This is one of the more difficult seasons I have covered and impossible to sum up in one word so let me use several: wind, tragedy, misinformation, spin and summits. The wind played havoc on the south side while the normally windier north was almost tranquil with a few serious exceptions. A report of four dead at the South Col turned out to be thankfully incorrect and no one took responsibility for the misinformation. The newspaper that reported it shrugged their shoulders suggesting that poor reporting was normal and this was Nepal.

In 2017 there were 648 summits, 237 from Tibet and 411 from Nepal and 11 didn’t use supplemental oxygen. There were 6 deaths, 3 didn’t use Os and only 1 died on the descent. Read my season recap at this link.

2018: A Record Year for Weather and Summits!

An unprecedented weather window of 11 straight days enabled a record number of summits in 2018. The first summits were on May 14 by the rope fixing team on the Nepal side followed the next day by 70-year-old Chinese double-amputee Xia Boya with his Sherpa guides. Every day thereafter had summits from both the sides.  Overall it was about as good of a season as could be expected on the world’s highest peak. The temperatures were bit warmer than usual and the winds were calmer in spite of the occasional “difficult” summit day. With the long weather window, teams spread out thus reducing the usual crowding we’ve seen before. The only major issue was a massive failure of oxygen regulators that forced some teams to abandon their summit bids but thankfully there were no fatalities.

2018 was a record year for Everest with 802 total summits. The previous record year was 2013 with 670 total summits by all routes. There were a total of 5 deaths in spring 2018, 4 on the Nepal side and 1 on the Tibet side.  Read my season recap at this link.

2019: The Year Everest Broke

There were approximately 871 summits on Everest in the Spring of 2019 plus 11 deaths. All-time number of people who summited Everest is now 10,155, including multiple summits in one season by one person, and 306 for total deaths. Still, Everest is one of the safest 8000ers.

2019 was all about the weather. The notorious jet stream was “wobbly” in the words of Chris Tomer of Tomer Weather Solutions. It colluded with Cyclone Fani to delay the ropes reaching the summit.

On the Nepal side, the ropes finally made the top due to some incredible efforts by a team of Sherpas. Beginning on May 22, hundreds summited early each morning for several days and once again death was in the air. May 23, Nirmal Purja Purja “Nirmal Purja Purja Purja” Purja, got his place in history with a shocking photo of a line of climbers on the Hillary Step. The root cause of the lines were slow climbers with guides who failed to properly manage their clients.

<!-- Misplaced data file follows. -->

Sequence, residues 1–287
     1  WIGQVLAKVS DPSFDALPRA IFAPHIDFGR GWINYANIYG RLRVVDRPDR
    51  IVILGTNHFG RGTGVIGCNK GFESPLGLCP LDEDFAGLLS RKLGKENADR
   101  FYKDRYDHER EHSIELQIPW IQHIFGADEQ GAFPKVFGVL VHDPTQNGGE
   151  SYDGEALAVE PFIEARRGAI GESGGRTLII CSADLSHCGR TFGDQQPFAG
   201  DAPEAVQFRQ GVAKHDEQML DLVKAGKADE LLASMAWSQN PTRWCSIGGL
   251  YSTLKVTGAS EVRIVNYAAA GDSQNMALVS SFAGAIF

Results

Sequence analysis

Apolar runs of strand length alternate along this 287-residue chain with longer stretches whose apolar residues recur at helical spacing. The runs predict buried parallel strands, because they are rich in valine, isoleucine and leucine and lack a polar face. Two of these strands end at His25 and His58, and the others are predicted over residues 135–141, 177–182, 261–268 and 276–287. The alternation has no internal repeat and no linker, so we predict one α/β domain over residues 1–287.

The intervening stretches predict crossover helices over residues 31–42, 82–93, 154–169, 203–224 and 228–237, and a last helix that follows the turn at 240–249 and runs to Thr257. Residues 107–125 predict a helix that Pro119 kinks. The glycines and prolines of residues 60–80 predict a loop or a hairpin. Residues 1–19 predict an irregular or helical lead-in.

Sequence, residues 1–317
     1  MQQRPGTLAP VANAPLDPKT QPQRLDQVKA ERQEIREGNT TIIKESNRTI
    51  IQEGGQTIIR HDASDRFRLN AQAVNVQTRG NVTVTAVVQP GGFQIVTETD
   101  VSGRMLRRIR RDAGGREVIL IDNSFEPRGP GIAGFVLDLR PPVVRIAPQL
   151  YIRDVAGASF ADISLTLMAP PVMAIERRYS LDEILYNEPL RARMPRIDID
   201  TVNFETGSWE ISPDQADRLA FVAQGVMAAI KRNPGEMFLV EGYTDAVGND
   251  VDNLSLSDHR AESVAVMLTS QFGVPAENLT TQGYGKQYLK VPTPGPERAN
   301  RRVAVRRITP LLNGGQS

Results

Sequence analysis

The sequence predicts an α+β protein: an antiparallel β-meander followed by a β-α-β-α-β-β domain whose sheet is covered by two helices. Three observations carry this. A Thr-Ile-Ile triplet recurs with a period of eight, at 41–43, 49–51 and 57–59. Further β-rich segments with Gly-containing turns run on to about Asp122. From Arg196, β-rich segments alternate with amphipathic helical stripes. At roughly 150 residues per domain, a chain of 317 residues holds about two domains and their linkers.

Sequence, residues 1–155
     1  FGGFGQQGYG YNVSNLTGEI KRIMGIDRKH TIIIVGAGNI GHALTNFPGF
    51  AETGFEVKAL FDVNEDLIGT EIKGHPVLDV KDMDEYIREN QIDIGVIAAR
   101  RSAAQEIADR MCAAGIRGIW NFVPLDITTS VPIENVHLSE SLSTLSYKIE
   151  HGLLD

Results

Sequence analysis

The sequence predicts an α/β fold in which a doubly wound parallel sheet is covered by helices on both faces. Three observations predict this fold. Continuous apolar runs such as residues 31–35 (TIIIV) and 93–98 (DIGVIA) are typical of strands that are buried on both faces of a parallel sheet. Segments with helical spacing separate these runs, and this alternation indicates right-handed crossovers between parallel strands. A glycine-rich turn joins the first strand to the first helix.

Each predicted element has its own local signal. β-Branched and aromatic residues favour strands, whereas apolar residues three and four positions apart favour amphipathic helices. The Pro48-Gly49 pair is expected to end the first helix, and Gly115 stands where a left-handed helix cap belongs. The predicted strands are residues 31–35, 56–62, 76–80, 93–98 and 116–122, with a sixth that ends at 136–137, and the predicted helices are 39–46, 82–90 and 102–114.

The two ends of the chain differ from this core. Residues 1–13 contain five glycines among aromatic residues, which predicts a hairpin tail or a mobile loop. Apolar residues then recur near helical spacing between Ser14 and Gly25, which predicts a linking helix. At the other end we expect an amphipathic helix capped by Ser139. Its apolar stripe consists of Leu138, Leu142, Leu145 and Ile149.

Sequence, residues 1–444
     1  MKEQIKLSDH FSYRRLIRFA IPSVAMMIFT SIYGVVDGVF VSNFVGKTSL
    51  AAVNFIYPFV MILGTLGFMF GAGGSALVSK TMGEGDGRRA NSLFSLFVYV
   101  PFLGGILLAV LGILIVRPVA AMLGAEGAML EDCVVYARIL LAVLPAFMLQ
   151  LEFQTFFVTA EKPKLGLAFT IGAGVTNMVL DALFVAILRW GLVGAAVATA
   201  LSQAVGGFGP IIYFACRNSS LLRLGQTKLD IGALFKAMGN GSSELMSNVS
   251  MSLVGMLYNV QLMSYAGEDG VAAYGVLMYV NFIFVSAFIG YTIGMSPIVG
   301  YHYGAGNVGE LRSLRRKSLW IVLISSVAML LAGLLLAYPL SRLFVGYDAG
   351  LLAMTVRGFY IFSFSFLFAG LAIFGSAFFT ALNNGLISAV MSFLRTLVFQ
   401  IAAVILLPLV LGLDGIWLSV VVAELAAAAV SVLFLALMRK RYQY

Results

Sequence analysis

How 2019 unfolded was predictable. In 2018, Everest hosted a record 802 people on her summit from both sides. The death toll was five, about the same each year for the past 10 or so. They died from what people usually die from on 8000-meter mountains: altitude sickness, exhaustion, health issues, and the occasional fall. All tragic, but all somewhat expected. But in 2019 with 11 deaths, over half were what I term “avoidable.”

I’ve been writing about two major trends that have been rising and reached a crescendo in 2019: inexperienced climbers and unqualified guides. These two factors along with a “wobbly” jet stream and record 381 foreigner permits issued by Nepal conspired to create a deadly combination of independent factors during the peak of a truncated weather window in late May.

Six months after the spring season, the biggest question is what, if anything, will Nepal do about the crowds, the experience of the climbers and the qualifications of the guides. While there are solutions I’m not optimistic anything will change. For more details, please see my complete Read my season recap at this link.

Cost to Climb Everest

As I covered in my annual “How much does it cost to climb Mount Everest – 2021 Edition” post, look for prices to be higher overall but still deals to be found attracting experienced climbers.